By KK VOUTHY | UMKC | 2013 Pharm.D. Candidate
On September 7 three UMKC School of Pharmacy students traveled to Mexico City to present a poster at the International Society for Pharmacoeconomics Outcomes Research third Latin America Conference. The poster the students submitted, with guidance from faculty members, was titled Describing Trends and Determinants of Non-opioid Analgesic Prescribing Chronic Non-Cancer Pain in the U.S. Outpatient Settings.
The poster was a finalist for the best poster in the Health Care Use & Policy Studies – Disease Management category. The presentation was open for conference attendees to attend and speak with presenters regarding their findings. UMKC students had an opportunity to meet with researchers from various countries including Argentina, Mexico, Brazil, Colombia, Canada, and the United Kingdom.
“Most of the presentations were not in English, but they had translators you can listen to. There was definitely a language barrier since most people spoke Portuguese or Spanish,” says Fikru.
In between poster presentations, fourth year students Bithia Fikru, Walter Agbor, and KK Vouthy attended various educational lectures about health technology assessment, costs of healthcare, pharmacoeconomics of various disease state management strategies and issues facing Latin American health.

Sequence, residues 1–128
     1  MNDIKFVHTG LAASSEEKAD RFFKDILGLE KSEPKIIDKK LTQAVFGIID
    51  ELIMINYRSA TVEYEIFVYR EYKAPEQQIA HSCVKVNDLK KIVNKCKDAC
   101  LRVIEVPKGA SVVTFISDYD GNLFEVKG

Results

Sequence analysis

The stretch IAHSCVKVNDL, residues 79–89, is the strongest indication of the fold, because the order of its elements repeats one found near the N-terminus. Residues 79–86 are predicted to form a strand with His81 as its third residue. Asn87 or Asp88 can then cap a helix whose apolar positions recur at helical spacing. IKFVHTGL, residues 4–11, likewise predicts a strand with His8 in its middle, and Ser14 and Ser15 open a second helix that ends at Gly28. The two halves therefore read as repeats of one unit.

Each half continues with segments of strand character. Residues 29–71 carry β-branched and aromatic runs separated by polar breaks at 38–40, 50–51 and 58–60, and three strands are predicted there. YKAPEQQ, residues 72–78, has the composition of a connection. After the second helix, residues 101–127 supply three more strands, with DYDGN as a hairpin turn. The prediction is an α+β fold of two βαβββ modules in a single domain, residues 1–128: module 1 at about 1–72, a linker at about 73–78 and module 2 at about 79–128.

“It was an eye opener to see how advanced the United States utilization of health care technology to make cost effective decisions compared to a Latin American countries , they are in the process development stage,” says Vouthy.
Before they left, the three students experienced Mexico City by taking a self-guided tour of the central portion of Mexico City. They tasted well-cooked –piping-hot street tacos, freshly made tortillas, roasted corn on a stick, and drank from a young coconut with a straw.
They also had a chance to Salsa in the park, every Friday night and all day Saturday people gather around at the park and dance. Instructors, experienced and un-experienced dancers come together to practice and enjoy dancing.
“The people are very warm and affectionate; you can see that everywhere you go. The culture is very romantic,” says Agbor.
On their last day, students were amazed at how committed to health the city was to promote bike riding. Large portions of the historic center of Mexico City were closed to traffic, the weekly event was called Muévete en Bici or Move by Bike. Throughout the area there were bike stations for people to check out bicycles called Ecobicic. Their hotel was centrally located in the historic area; the students had an opportunity to get their morning work, walking many blocks to find a taxi to the airport. The trip was a success; they worked with the University and SOP student services office to ensure a safe trip.